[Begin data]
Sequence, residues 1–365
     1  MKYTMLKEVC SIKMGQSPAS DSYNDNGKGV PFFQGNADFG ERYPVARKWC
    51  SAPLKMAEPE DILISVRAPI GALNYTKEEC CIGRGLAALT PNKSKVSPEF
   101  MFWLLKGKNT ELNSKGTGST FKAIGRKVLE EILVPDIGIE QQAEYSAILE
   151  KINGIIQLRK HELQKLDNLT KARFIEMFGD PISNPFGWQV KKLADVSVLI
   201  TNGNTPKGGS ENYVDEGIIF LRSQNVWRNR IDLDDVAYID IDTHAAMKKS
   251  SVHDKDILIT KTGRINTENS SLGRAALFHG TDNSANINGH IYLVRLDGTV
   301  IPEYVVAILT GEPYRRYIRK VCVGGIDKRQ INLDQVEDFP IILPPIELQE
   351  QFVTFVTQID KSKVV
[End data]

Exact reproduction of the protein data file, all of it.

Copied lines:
Sequence, residues 1–365
     1  MKYTMLKEVC SIKMGQSPAS DSYNDNGKGV PFFQGNADFG ERYPVARKWC
    51  SAPLKMAEPE DILISVRAPI GALNYTKEEC CIGRGLAALT PNKSKVSPEF
   101  MFWLLKGKNT ELNSKGTGST FKAIGRKVLE EILVPDIGIE QQAEYSAILE
   151  KINGIIQLRK HELQKLDNLT KARFIEMFGD PISNPFGWQV KKLADVSVLI
   201  TNGNTPKGGS ENYVDEGIIF LRSQNVWRNR IDLDDVAYID IDTHAAMKKS
   251  SVHDKDILIT KTGRINTENS SLGRAALFHG TDNSANINGH IYLVRLDGTV
   301  IPEYVVAILT GEPYRRYIRK VCVGGIDKRQ INLDQVEDFP IILPPIELQE
   351  QFVTFVTQID KSKVV